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Mortgage Broker Bonds

Careers in the mortgage industry can be stable, have high growth potential (it's lucrative), and be incredibly rewarding. Plus, your job will be helping people get loans to purchase a place to live, making it both personally and professionally satisfying to work as a mortgage broker. Do you think you have what it takes for this role? If so, you will need to start by meeting some conditions upfront, one of which will be obtaining a mortgage broker surety bond. This article covers the basics.

What is a Mortgage Broker Bond?

A Mortgage Broker Bond is a commercial license surety bond that could be a required condition of gaining a license to operate as a mortgage broker.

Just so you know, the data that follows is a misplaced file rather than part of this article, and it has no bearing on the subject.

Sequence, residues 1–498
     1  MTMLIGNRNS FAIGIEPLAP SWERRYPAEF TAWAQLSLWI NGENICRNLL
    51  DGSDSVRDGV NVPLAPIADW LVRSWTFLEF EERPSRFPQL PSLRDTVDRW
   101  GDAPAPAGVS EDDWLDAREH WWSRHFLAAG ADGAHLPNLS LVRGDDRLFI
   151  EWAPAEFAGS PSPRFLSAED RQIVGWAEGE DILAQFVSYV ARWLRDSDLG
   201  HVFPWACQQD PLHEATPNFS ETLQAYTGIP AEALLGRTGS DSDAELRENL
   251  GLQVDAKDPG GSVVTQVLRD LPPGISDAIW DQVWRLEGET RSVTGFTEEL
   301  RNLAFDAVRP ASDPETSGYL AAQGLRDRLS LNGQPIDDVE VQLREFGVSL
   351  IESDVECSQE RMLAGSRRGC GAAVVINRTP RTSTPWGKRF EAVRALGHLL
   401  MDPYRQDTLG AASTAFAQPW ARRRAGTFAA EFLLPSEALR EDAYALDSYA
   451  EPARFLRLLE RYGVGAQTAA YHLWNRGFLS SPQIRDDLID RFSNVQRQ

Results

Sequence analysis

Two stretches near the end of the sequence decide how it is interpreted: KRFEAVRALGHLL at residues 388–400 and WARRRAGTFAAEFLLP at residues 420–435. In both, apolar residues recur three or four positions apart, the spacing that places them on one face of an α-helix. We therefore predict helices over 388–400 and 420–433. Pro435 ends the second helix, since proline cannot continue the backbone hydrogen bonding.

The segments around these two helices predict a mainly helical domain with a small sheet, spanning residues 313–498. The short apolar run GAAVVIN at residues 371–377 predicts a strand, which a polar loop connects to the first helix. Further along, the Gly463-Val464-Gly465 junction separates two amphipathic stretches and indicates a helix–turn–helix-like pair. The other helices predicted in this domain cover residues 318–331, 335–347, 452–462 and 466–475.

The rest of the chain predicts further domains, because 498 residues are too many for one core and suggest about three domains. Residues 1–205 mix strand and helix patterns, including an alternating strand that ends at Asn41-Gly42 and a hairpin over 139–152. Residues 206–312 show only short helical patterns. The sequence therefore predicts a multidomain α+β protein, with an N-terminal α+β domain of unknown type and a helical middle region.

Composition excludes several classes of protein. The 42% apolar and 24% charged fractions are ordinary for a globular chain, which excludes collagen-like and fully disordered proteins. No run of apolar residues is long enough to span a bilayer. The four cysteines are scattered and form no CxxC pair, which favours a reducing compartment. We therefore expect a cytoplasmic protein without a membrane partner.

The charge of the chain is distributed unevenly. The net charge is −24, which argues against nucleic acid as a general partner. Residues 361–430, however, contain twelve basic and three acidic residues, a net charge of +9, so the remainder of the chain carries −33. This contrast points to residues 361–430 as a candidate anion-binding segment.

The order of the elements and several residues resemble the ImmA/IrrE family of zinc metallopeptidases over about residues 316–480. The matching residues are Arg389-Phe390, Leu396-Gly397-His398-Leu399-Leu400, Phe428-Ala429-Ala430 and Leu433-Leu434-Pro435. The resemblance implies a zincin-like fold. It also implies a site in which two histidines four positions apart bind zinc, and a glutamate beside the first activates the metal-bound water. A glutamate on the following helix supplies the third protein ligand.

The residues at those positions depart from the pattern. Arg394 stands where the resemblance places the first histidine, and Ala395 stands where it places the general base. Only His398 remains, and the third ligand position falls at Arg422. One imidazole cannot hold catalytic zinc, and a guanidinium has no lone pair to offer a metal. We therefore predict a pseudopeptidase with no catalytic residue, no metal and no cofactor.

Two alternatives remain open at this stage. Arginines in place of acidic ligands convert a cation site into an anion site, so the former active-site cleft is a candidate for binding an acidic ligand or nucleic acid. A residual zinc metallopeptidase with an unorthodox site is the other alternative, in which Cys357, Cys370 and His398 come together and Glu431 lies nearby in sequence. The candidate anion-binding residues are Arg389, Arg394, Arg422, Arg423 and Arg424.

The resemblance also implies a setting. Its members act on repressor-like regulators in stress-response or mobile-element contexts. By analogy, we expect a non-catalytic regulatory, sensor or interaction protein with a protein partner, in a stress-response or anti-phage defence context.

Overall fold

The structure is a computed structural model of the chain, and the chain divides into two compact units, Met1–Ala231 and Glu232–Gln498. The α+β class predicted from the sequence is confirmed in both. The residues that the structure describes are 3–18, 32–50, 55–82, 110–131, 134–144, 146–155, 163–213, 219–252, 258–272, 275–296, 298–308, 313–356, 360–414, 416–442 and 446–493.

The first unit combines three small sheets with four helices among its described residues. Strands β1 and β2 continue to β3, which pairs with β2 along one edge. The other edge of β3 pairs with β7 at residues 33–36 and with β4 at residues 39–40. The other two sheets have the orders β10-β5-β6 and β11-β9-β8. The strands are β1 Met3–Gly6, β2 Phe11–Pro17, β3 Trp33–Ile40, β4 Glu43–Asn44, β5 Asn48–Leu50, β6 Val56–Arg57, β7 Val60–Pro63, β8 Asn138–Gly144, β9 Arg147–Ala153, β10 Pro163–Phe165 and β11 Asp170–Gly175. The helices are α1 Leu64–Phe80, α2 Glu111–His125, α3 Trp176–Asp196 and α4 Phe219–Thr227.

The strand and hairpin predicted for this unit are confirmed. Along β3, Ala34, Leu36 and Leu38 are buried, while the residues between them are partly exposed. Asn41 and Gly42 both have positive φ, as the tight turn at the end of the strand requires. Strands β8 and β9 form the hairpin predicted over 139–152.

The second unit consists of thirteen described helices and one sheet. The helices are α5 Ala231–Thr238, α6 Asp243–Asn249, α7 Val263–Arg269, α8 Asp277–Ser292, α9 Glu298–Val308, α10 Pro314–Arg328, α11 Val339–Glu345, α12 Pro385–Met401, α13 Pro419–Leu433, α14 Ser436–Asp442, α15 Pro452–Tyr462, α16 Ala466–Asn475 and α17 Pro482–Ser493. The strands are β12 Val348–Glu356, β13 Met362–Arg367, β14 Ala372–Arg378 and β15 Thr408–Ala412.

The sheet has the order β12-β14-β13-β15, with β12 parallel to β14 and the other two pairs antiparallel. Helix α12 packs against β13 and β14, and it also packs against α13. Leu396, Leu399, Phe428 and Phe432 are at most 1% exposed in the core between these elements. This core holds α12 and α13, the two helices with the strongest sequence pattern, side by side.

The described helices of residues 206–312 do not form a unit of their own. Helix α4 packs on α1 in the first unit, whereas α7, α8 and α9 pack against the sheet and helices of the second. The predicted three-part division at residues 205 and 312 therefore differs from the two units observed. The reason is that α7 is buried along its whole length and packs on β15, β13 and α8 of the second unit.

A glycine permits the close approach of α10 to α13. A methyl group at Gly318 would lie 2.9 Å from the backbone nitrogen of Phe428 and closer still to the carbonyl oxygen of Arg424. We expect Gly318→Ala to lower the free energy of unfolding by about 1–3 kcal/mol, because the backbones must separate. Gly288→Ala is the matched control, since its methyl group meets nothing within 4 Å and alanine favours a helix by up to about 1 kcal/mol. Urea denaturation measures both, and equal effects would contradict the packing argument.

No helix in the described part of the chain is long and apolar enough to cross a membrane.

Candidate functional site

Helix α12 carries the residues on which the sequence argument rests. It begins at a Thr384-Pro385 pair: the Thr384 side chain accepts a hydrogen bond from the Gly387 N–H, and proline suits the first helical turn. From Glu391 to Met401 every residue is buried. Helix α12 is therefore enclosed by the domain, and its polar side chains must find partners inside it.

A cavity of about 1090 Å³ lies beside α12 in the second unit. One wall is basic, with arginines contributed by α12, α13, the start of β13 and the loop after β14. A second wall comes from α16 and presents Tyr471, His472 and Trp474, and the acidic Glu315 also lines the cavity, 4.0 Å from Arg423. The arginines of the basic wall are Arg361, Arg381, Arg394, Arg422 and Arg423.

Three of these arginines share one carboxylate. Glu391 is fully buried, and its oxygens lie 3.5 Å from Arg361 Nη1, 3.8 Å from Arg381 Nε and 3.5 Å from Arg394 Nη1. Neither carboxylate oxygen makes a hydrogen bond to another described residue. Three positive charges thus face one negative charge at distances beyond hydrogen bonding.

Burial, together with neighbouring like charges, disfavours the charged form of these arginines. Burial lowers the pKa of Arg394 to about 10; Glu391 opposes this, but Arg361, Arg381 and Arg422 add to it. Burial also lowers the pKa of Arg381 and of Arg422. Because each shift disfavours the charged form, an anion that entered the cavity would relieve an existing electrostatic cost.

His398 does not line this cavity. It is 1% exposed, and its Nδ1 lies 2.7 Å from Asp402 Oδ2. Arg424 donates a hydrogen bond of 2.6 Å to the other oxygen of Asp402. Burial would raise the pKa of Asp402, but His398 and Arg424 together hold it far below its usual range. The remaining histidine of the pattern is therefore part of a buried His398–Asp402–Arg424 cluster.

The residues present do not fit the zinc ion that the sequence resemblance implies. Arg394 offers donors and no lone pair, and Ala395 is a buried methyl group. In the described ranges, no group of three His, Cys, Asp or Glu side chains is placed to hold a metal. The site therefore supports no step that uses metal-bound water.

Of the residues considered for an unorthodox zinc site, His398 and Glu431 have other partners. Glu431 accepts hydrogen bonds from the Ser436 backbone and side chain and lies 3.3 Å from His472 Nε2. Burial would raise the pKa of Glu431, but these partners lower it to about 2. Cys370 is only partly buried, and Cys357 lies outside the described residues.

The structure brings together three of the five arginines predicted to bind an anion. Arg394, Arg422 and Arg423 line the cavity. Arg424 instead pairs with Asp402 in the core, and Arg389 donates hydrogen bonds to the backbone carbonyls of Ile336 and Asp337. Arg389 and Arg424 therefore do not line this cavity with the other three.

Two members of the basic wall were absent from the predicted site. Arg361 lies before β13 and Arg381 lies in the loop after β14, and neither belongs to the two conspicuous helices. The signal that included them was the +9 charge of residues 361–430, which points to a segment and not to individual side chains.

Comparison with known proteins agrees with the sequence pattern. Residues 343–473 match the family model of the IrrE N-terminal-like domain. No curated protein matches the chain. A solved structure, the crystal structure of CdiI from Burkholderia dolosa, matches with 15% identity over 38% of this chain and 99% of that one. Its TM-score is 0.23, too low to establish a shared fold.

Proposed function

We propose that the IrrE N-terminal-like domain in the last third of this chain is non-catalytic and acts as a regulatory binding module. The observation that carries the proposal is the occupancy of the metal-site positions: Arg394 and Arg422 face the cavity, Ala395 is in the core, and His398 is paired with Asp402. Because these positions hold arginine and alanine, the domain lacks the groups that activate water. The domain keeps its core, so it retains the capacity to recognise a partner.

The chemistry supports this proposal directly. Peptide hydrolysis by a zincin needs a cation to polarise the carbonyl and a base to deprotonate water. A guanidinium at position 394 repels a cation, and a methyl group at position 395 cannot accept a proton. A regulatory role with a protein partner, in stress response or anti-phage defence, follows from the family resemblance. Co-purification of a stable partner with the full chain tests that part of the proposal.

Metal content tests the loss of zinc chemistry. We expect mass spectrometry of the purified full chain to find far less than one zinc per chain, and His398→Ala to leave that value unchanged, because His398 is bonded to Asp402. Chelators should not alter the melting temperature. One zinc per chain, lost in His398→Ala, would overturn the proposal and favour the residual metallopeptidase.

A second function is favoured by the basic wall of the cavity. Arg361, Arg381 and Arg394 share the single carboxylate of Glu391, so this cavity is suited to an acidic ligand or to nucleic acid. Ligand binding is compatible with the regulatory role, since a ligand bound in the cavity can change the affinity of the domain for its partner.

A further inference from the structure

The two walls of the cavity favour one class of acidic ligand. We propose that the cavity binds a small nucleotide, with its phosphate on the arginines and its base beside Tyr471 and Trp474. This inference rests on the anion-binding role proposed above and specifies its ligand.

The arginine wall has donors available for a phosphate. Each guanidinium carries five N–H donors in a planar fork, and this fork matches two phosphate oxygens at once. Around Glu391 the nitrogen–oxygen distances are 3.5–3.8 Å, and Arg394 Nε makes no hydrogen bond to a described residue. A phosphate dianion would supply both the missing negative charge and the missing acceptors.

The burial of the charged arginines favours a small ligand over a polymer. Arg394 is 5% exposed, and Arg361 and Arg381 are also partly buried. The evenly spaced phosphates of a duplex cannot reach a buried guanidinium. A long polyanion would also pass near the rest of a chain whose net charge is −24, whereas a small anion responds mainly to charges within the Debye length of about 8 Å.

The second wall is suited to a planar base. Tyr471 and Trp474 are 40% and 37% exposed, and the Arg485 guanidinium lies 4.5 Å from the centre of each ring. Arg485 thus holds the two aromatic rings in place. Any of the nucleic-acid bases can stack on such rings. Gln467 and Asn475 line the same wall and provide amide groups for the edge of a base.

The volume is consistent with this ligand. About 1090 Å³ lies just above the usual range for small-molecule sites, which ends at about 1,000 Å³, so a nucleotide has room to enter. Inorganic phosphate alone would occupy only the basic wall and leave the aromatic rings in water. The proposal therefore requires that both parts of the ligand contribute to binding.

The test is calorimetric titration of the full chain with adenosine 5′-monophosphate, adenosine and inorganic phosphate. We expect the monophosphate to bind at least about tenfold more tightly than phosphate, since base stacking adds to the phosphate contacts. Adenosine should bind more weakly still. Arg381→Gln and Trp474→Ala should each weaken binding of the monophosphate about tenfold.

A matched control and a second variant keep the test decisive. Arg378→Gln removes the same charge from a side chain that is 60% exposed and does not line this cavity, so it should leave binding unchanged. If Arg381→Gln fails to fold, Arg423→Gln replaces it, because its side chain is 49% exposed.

Mortgage Broker Bonds involve three parties:

  • The principal is the mortgage broker who purchases the bond to prove that their business is trustworthy. The principal must take financial responsibility for any claim filed against the bond.
  • The obligee is the state, and the mortgage broker's clients, who can make claims against the bond if the mortgage broker violates provisions of the bond. As long as those claims prove to be valid under investigation, the surety guarantees payment.
  • The surety is an underwriter who issues the bond to the mortgage broker. The surety also backs the bond, meaning it agrees to pay any valid claims when the principal can't or won't - but the surety does not accept the final financial responsibility. If and when they settle a claim, the principal must pay that debt back in full with interest and fees included in the cost.

When Do I Need a Mortgage Broker Bond?